Our responsibility is to break apart those points within the terrorist network â€“ cut off their communication, isolate their financial resources, eliminate their transportation capabilities â€“ and in doing so dismantle the network entirely. However, to do so, to challenge the kind of interdependence a terrorist network thrives upon, we must be able to confront the network everywhere it operates. And that means we have to be able to function internationally and work together seamlessly. We have to build up and refine our own network if we are going to compete with and combat the terrorist network.
This is not necessarily a new insight. We've certainly had movement in this direction over the past couple of years. The Department of Homeland Security, along with our European and international allies, has been working on issues such as container security, biometrics and secure travel documents, as well as aviation security. In my previous job as head of the Criminal Division of the Department of Justice, we put people overseas to work with prosecutors and investigators in Europe precisely because we needed to build up a network of law enforcement that could rival the network of terror.
So this is not a new concept, but two years after the Department was formed, we have a good opportunity to start thinking about how we can build on what has already been accomplished. How do we move beyond simply partnering on an occasional, episodic basis to building a true partnership that will operate with a mission-oriented focus?
Allow me to share with you where I would like to see us move â€“ toward a world that is banded together by security envelopes, meaning secure environments through which people and cargo can move rapidly, efficiently, and safely without sacrificing security or privacy. A world where, with the proper security vetting, the proper technology, the proper travel documents, and the proper tracking of cargo, it would be possible to move relatively freely from point to point all across the globe.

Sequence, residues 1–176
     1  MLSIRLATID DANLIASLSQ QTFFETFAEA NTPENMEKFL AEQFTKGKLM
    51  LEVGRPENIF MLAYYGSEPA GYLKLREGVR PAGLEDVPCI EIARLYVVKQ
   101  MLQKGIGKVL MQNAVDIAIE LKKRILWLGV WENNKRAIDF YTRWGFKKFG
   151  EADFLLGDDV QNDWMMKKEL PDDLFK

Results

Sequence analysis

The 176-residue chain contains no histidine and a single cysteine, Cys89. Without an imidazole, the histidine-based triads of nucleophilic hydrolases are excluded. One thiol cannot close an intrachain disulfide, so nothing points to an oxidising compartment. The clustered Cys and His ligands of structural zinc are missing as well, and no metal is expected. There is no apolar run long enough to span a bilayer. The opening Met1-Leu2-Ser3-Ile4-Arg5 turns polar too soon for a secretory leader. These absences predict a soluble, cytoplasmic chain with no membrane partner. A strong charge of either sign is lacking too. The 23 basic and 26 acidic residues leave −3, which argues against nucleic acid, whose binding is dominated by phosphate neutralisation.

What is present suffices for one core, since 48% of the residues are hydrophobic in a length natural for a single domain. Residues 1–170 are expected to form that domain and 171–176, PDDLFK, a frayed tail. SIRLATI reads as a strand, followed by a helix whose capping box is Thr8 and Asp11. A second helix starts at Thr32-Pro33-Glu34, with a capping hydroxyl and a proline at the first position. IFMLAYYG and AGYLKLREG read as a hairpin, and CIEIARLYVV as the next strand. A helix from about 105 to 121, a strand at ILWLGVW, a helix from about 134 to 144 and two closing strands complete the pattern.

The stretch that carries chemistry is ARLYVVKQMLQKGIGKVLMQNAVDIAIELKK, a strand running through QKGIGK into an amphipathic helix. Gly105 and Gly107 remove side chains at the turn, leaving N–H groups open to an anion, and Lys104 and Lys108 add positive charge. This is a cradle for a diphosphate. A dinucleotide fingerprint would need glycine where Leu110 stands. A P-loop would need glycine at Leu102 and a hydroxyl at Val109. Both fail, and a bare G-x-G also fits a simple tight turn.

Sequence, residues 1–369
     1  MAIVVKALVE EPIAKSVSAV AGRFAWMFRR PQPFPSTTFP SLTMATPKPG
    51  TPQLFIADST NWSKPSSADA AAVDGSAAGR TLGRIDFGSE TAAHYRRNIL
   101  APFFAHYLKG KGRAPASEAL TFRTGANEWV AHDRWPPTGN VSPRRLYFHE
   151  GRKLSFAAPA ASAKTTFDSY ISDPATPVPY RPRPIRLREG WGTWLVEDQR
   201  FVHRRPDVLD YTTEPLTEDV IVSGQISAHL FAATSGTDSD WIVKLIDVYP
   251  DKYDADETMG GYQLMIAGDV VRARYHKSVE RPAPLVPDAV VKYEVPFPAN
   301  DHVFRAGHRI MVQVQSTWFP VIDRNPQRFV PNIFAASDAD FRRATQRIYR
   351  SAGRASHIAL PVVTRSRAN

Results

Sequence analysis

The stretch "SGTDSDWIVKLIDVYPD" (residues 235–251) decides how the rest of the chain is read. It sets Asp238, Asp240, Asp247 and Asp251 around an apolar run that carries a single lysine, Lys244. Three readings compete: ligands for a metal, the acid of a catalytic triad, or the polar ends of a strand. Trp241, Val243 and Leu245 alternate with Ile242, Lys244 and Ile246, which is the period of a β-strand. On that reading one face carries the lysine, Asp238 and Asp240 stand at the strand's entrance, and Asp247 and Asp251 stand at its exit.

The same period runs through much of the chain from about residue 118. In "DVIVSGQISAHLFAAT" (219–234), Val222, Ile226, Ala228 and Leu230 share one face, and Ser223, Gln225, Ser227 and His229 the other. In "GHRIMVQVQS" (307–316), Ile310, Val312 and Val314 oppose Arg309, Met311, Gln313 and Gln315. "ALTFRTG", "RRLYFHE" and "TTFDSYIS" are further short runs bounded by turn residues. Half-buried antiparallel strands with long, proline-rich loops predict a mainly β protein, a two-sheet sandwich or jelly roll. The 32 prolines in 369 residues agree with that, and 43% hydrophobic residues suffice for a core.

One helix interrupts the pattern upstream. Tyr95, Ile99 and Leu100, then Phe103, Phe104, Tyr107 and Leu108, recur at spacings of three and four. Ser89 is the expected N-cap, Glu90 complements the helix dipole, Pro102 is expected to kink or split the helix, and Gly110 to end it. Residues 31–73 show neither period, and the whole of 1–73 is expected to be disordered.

For those within the security envelope, we will have a high degree of confidence and trust, so that trusted travelers and shippers don't have to be stopped at every point along the way to be re-vetted and rechecked. And that would enable us to focus more of our resources for those outside the security envelope â€“ for the kind of in-depth analysis and the kind of in-depth vetting that is necessary to make sure those who seek to harm us do not slip through the cracks.
The vision of a technologically-based system of security envelopes would happily not require a sacrifice of liberty or privacy in order to promote security. Rather, it is a vision that would actually maximize these values, that would preserve our lives, but also to foster our way of life, and uphold the civil liberties both Europeans and Americans cherish. In large part, the purpose of my trip this week is to open a dialogue on issues such as these and discuss with our European partners the way ahead. While Iâ€™m here mostly to listen and learn, there are specifically three areas in which I think we can start to move forward concretely as we try to develop this worldwide security envelope.
First, the area of screening. We have to develop a systematic approach to screening that is compatible on both sides of the Atlantic. One that takes advantage of modern technology, provides maximum protection of sensitive traveler information, and gives a real sense of confidence that we are screening out those with evil intent. Right now, in many ways we are using the most primitive kind of screening -- meaning we screen for names that match lists of terrorists and criminals. And of course, names are not the best way to identify people. Theyâ€™re certainly not as good as biometrics.
Names can be changed, identification documents can be forged. But biometric identifiers can help reduce that type of fraud and protect the identity of the visa holder by making it much more difficult to impersonate someone. In the area of cargo, we inspect with technology and by hand searching for certain kinds of harmful materials. And, we are starting to move forward using somewhat more technologically advanced devices at our ports that now allow us to look inside cargo containers without actually breaking bulk. So we are making progress, but we must press forward.
Our ability to inspect efficiently and swiftly depends on accurate screening and targeting high-risk cargo. That boils down to the overarching issues of information-sharing and tracking. The more we know about what is moving in containers, the more readily we can speed the majority of benign cargo through our ports, reserving the delay of inspection for those shipments that pose potential risks.